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BIRDSONG, Presiding Judge.
Service of process. Fulton Superior Court. Before Judge Etheridge.
Service of Process. The appellant, Herbert R. Gormong, was discharged by the appellee, Cleveland Electric Company, in 1976 for insubordination. Gormong sought arbitration of the discharge through his employee union but the arbitration was not pursued for reasons not made clear on the record. On July 22, 1985, over nine years after the discharge, Gormong filed suit in Fulton Superior Court claiming Cleveland breached an existing contract by failing to arbitrate his grievance. Gormong filed his suit pro se and sought to serve process upon Cleveland by mailing a copy of the pleadings to Cleveland by registered mail. Cleveland denied both service and jurisdiction over its corporate person for failure of personal service in accordance with the statutory procedures mandated by OCGA 9-11-4. The trial court granted the motion to dismiss filed by Cleveland based upon the failure of service. Gormong brings this appeal urging legal service and pursuing arguments on the merits of his lawsuit. Held:
The trial court did not err in dismissing Gormong's complaint for lack of service upon Cleveland. OCGA 9-11-4 (c) requires process to be served by the sheriff of the county where the action is brought or by his deputy, or by a marshal or sheriff of the court or by any citizen of the United States specially appointed by the court for that purpose. It long has been the law of this state interpreting this provision that the required "personal" service cannot be effected upon a resident defendant by use of mail, registered or otherwise. See Stallings v. Stallings, 127 Ga. 464 (4) (56 SE 469); Benefield v. Harris, 143 Ga. App. 709, 712 (240 SE2d 119). In the absence of service in conformity with the service statute or a waiver thereof, no jurisdiction over the defendant is obtained by the court. Thompson v. Lagerquist, 232 Ga. 75 (205 SE2d 267); Collins v. Collins, 148 Ga. App. 103 (250 SE2d 870).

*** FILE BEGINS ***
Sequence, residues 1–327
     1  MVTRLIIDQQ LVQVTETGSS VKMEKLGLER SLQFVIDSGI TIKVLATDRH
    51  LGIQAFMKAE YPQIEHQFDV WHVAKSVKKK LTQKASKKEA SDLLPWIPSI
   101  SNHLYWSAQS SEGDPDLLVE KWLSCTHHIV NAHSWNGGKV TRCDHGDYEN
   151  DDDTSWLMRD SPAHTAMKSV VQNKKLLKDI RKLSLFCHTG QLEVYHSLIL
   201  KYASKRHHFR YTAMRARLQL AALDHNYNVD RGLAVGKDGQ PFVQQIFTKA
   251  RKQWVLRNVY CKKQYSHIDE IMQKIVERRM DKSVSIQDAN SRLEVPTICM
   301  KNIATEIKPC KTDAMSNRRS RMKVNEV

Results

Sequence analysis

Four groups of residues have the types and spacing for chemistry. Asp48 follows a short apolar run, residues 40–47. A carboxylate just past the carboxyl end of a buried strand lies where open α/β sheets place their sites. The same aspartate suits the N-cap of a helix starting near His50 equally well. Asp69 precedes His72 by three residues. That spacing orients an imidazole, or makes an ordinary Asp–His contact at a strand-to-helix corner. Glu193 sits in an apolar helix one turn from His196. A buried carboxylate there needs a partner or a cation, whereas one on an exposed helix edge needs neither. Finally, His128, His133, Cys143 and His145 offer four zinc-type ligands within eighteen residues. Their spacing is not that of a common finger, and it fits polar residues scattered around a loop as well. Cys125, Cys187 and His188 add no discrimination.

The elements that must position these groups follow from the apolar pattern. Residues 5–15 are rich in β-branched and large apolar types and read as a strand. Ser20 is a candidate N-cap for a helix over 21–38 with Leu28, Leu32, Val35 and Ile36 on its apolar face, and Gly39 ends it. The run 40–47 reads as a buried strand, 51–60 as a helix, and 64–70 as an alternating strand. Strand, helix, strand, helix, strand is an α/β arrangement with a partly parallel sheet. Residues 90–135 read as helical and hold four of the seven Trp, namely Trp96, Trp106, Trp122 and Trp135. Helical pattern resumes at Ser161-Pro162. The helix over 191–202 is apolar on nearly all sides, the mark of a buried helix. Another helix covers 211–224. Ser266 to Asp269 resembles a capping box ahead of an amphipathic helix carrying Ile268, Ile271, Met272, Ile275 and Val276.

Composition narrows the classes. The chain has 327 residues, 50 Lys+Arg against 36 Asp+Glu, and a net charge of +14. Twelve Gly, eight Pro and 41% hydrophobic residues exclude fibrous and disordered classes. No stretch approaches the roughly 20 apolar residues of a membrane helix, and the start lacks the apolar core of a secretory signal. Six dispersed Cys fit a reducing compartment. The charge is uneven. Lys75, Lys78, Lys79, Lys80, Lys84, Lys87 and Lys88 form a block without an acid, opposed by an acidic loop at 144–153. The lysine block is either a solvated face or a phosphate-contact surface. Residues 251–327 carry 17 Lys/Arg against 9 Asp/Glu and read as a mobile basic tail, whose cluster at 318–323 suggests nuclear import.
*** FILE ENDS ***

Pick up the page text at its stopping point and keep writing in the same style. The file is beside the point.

Gormong seeks to avoid the stringency of this long standing rule of procedure by arguing that the rights of arbitration he seeks are based upon a federal statute and the notification of a violation of those rights to an offending defendant is more appropriately governed under principles of federal law. Thus, he contends the service employed constitutes notorious or substituted service. This argument is no more persuasive than the argument also advanced by Gormong that the fact that statutorily authorized service of additional pleadings (once service has been obtained) may be by registered mail arguably justifies original service of pleadings by such mail. The U. S. Supreme Court settled the issue irrefutably in the case of Erie R. Co. v. Tompkins, 304 U. S. 64, 78 (58 SC 817, 82 LE 1188) where it was held that except in matters governed by the Federal Constitution or by Acts of Congress, the law to be applied in any case is the law of the state. If we were interpreting the federal arbitration laws, perhaps Gormong's argument would be more persuasive, but we are considering the procedural rules governing service of process in this state. It is clear that the law of this state applies. The law of this state is that the forwarding by registered mail of a copy of the petition did not subject Cleveland Electric Company to the jurisdiction of the superior court, especially where it is equally clear that Cleveland did not waive the failure of service and moved to dismiss the petition on that ground. Briggs v. Briggs, 207 Ga. 614 (63 SE2d 371).
Seth R. Price, for appellee.
Herbert R. Gormong, pro se.
Thursday May 21 15:06 EDT

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